ELVs: Rush to Judgment
Corrected and updated (below):
I'm still sitting on the fence waiting to make a "final decision" about the ELVs (Experimental Law Variations) being applied in the first three rounds of the Super 14.
So far, I have been enjoying the games, but then I enjoy watching kiwi rugby, and the Kiwis have been flying in the first three rounds. (The Crusaders and Blues are both 3-0, including half-ton asskickings of South African sides in the Republic in front of massive crowds.)
The Northern Hemisphere doesn't like the new laws, perhaps mostly because they play a style of rugby similar to the South Africans, dominated by fatties who're now running out of puff under the ELVs as those new rules are so-far translating into far fewer extended rest breaks.
I say it's still early days -- some things I like; others I don't -- and think I'll exercise a seasons' worth of perspective before drawing a line in the sand. What I have seen so far is still a huge physical contest at the scrum, maul and breakdown, so accusations that the sport has suddenly become Rugby League are wildly speculative and ill-founded.
Of all the criticisms of the ELVs I've read in the past few days, I find the perspective of
Mark Keohane -- a writer I ordinarily respect -- Keo staffer Ryan Vrede as perhaps the lamest and most bewildering:
But why should South Africa and those Home Unions be branded as anti-evolutionists for possessing strengths that are different? [...]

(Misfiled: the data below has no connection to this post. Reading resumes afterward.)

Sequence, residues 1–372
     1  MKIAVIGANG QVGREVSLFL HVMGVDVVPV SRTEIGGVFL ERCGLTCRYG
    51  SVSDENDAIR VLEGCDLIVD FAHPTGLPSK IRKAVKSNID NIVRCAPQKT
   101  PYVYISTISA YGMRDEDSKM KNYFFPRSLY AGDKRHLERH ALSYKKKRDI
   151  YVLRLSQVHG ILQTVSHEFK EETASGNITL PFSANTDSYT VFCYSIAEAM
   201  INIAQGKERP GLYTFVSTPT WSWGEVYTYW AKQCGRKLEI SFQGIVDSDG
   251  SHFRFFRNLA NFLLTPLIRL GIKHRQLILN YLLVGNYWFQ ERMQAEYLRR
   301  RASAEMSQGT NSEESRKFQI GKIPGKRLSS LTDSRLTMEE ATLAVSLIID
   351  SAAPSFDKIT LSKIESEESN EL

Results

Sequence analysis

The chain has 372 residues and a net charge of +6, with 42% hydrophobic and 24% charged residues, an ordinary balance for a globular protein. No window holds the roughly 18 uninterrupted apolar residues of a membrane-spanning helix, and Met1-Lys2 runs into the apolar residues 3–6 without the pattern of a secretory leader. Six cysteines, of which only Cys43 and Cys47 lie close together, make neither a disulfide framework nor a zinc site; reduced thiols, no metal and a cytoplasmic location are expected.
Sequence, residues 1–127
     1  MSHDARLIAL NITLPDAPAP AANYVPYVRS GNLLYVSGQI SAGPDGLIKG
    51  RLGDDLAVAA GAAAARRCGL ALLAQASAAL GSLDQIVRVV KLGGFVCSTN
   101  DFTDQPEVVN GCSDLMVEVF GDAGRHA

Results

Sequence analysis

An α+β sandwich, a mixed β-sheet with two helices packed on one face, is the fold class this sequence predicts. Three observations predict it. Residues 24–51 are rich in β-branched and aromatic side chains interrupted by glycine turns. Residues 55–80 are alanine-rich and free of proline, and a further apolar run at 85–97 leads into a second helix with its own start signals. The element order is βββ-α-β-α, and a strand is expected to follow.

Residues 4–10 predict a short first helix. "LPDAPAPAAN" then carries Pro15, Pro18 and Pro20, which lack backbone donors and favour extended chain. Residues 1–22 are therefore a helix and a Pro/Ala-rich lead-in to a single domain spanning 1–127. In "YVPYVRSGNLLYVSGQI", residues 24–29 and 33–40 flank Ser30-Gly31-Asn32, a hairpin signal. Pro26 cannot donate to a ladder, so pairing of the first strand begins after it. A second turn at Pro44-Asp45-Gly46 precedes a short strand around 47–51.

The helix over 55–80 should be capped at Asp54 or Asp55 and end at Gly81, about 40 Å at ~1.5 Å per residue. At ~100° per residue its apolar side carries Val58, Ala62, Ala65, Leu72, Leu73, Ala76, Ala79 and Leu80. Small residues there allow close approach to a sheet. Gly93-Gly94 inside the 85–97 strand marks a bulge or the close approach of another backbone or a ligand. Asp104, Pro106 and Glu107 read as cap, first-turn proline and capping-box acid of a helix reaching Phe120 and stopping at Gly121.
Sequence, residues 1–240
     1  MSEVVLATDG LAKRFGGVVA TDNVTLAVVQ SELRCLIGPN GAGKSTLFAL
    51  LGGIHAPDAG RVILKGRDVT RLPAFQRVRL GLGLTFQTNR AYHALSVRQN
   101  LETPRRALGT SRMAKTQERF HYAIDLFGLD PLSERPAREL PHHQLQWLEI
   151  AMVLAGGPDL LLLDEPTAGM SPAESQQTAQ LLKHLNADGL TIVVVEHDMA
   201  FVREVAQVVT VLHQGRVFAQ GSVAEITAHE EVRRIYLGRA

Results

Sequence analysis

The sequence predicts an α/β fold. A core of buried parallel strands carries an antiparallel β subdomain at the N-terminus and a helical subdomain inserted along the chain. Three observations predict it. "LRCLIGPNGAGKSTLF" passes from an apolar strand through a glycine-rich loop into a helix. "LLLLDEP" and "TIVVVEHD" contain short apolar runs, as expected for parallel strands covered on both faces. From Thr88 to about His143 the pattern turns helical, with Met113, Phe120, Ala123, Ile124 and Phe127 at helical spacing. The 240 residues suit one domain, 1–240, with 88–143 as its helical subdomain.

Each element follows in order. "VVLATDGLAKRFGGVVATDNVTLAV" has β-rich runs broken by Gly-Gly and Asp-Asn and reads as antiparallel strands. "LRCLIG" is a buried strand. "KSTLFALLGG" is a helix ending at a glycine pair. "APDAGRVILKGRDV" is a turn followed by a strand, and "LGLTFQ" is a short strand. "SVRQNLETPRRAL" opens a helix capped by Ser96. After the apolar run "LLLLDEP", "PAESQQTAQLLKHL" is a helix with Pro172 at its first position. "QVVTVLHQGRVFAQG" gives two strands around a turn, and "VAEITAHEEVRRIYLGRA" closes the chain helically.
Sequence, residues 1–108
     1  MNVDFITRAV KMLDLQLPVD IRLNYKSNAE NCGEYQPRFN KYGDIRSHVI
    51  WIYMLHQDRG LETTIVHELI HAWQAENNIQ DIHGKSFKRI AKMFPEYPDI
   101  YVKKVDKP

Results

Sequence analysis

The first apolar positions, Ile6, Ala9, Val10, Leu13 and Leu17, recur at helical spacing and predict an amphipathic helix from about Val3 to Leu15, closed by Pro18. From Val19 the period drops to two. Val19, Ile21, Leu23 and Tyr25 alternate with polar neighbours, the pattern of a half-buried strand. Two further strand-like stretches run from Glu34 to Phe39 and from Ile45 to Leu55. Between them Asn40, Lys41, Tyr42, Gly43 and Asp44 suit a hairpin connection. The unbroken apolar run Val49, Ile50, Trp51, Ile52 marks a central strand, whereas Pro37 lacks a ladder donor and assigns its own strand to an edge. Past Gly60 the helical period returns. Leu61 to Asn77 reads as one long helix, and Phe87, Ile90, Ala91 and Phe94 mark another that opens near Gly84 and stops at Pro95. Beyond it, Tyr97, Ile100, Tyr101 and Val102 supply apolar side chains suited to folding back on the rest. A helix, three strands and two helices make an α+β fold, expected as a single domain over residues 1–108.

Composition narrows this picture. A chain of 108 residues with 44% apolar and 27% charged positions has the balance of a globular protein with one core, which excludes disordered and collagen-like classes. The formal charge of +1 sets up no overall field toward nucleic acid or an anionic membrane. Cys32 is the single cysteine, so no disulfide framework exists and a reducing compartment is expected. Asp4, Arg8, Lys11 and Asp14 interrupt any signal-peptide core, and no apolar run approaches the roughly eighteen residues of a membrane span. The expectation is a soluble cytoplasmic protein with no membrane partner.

For fear of being branded a conservative who is content to see the game stagnate as it has over the last decade, it is my personal view that the game needs to evolve. However, when that evolution compromises the traditional strengths of certain teams while favouring others - serious concerns have to be voiced.
From a backline perspective, South Africa and the Home Unions have never been able to compete with the intellectual capital in Australia and particularly New Zealand. That has been patent over the first three rounds of the Super 14, as the leading Australasian teams have already devised plans to best utilise the 10m between their launch point and the defensive line at scrum time, while South African franchises continue to predictably bash it up with the No 8, effectively losing 5m of space. For the Crusaders, Blues and Hurricanes quick taps have been viewed as a phase rather than unstructured play and their attacking alignment is similar to what it looks like if it was a set phase. In contrast, South African franchises gamble in the hope that they’ll find space to exploit.
Bolded text - mine. Intellectual capital? I say if
For Vrede's entire commentary at Keo, click here.
Update: As above, mea culpa, my apology to Mark Keohane. He remains a writer I continue to respect.